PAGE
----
Memorial to those that left Ireland during the Famine unveiled in Glasgow

0
87
Memorial to those that left Ireland during the Famine unveiled in Glasgow

A memorial to the Irish people who fled to Scotland during the Great Famine has been unveiled in Glasgow.

The Tower of Silence was created by Irish sculptor John McCarron and took several years of fundraising to finally be ready for display.

It is inscribed with the words ‘An Gorta Mór’ meaning ‘Great Famine’ and is placed in the grounds of St Mary’s Church in Calton, Glasgow. Parish Priest Canon Tom White spoke at the unveiling.

He said: “It seemed natural that this church, which was built by the Irish to shepherd and care for the Irish, would host a living memorial to their memory.

Ogham, the mysterious language of the trees The Origins of the Ogham alphabet are still a mystery for many historians, but it is primarily thought to be an early form of the Irish written Language. Bealtaine Fire

“This memorial here, this tower of silence, will speak volumes, and I’m delighted and grateful to the committee, who pioneered this work, commissioned this work and saw it fruitfully executed to this day.”

The Great Famine is one of the key events in Irish history, particularly regarding the global diaspora.

It is estimated that one million people died and another million were forced to leave to seek futures elsewhere.

There are now hundreds of millions of people scattered all around the world that have Irish heritage and it is one of the reasons that the country is so popular and loved.

Of those that left Ireland during the Famine, around 100,000 went to Scotland to build new lives.

Jeanette Findlay is the Chair of Coiste Cuimhneachain An Gorta Mór, the group that organised the fundraising for the statue.

She said: “Today is our day, the day for the children of those impoverished and brutalised people who managed to reach these shores, to finally see that part of history, that terrible part, acknowledged and remembered in a physical and permanent way.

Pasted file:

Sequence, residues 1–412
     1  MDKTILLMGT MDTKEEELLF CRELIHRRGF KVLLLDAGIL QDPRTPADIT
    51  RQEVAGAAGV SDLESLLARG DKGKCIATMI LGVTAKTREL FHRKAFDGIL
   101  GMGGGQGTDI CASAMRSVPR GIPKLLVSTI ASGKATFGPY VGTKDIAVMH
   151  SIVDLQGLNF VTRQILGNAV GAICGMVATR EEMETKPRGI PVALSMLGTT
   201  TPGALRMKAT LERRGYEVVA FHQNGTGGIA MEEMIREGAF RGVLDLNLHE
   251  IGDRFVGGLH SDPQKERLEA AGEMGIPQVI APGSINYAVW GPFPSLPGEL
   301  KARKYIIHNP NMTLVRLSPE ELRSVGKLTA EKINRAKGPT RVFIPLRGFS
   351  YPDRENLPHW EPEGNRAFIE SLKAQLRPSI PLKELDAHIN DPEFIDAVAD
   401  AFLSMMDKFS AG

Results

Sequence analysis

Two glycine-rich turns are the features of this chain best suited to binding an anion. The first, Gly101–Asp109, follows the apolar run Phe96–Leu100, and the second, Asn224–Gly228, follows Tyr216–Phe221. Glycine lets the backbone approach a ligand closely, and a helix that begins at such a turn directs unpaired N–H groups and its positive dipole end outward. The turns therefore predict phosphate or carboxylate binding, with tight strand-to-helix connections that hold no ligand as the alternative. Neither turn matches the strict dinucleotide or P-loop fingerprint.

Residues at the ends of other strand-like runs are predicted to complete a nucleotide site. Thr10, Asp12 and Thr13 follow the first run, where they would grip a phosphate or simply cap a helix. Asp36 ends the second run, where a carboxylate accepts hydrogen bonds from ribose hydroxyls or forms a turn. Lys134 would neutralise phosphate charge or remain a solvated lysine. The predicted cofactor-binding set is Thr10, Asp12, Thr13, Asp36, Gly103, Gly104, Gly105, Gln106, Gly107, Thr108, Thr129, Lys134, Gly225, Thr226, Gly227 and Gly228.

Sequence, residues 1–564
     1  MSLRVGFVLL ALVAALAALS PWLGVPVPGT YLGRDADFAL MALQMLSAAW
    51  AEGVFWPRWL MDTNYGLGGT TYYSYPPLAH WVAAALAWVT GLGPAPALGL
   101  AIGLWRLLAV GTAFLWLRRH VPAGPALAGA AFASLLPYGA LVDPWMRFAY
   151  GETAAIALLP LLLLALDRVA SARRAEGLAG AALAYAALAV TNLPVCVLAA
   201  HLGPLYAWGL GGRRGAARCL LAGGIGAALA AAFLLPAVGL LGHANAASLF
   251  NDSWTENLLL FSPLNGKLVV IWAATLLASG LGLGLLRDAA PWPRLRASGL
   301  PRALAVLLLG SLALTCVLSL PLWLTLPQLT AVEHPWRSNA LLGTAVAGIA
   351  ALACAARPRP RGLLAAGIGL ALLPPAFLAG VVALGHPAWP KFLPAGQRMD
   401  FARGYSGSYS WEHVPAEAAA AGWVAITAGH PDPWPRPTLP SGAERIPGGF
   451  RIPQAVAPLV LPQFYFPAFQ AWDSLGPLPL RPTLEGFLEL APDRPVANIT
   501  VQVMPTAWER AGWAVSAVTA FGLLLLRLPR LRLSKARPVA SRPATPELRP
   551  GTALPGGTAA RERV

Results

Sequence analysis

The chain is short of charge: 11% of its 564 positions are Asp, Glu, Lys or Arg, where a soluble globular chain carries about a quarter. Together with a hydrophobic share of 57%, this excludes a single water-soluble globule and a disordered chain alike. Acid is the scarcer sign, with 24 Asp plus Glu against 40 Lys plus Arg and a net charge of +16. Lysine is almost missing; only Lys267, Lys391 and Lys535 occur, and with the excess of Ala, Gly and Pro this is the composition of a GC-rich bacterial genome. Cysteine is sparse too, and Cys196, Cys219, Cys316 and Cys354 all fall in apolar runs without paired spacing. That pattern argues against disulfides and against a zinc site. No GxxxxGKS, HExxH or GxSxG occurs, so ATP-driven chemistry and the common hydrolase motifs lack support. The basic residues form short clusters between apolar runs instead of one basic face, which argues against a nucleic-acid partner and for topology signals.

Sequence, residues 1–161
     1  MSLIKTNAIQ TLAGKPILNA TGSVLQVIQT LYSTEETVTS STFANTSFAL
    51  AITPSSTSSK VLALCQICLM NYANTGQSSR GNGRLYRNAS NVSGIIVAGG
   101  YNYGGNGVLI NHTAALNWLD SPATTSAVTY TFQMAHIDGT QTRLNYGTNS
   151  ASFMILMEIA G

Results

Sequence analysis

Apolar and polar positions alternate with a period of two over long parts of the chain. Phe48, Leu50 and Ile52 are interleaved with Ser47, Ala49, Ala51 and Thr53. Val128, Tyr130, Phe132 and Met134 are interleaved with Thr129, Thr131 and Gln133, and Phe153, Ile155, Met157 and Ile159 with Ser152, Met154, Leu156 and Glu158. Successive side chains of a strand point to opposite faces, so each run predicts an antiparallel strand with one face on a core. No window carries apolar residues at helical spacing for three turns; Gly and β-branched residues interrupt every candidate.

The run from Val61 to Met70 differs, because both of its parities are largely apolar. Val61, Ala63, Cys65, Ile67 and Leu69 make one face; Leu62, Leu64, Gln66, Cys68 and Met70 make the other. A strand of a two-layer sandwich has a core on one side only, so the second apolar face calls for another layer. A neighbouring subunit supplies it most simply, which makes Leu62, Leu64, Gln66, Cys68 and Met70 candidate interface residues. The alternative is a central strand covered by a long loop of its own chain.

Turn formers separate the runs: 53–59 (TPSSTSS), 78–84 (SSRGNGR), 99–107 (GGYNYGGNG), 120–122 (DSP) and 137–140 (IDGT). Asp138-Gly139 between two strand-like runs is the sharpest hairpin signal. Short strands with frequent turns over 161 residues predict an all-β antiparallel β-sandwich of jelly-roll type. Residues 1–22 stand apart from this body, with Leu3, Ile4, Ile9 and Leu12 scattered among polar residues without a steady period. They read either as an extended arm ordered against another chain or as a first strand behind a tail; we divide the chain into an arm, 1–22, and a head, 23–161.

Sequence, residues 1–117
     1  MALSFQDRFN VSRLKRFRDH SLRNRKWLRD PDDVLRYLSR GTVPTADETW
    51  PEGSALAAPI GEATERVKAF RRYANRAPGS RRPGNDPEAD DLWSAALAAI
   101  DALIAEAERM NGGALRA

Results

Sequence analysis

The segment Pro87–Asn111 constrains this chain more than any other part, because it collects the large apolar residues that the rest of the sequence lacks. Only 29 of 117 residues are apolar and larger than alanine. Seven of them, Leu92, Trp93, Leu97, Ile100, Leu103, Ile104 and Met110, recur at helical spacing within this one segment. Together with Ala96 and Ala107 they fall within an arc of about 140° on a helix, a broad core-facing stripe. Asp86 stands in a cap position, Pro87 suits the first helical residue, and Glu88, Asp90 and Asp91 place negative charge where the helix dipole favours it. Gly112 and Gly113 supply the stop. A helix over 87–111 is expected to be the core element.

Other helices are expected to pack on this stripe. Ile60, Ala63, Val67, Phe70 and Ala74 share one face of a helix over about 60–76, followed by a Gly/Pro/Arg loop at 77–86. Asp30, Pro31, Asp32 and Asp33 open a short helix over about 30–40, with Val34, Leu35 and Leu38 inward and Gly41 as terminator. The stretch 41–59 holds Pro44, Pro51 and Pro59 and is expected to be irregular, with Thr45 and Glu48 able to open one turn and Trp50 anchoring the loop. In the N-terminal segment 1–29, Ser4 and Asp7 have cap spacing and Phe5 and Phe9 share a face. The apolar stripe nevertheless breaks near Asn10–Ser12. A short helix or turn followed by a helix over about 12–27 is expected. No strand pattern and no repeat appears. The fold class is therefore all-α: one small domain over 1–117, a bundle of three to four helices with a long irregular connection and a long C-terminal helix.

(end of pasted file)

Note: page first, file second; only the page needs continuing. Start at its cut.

“So, in that sense, while it is a time for reflection on the awful reality that they endured, it is also a time for celebration that they did endure, they did survive and they, in large part, flourished in this city.

“This memorial should be a reminder to us that we owe it to our own ancestors to be the welcoming community to new arrivals in Glasgow that we wish our ancestors had met all those decades ago, and to treat them as we wish our own had been treated, and were treated, by the honourable few.”

The statue was chosen from three proposed designs. McCarron used a stainless steel column to represent the industrial city of Glasgow, and steel patchwork design to mimic the stone cabins the rural Irish left behind.

The abstract figures atop the statue are a representation of the desperation felt by those people that were forced to leave Ireland.

The monument also displays the final verse of the poem The Stricken Land. It was written by Lady Jane Wilde under the pseudonym Speranza in 1847 right in the midst of the Famine.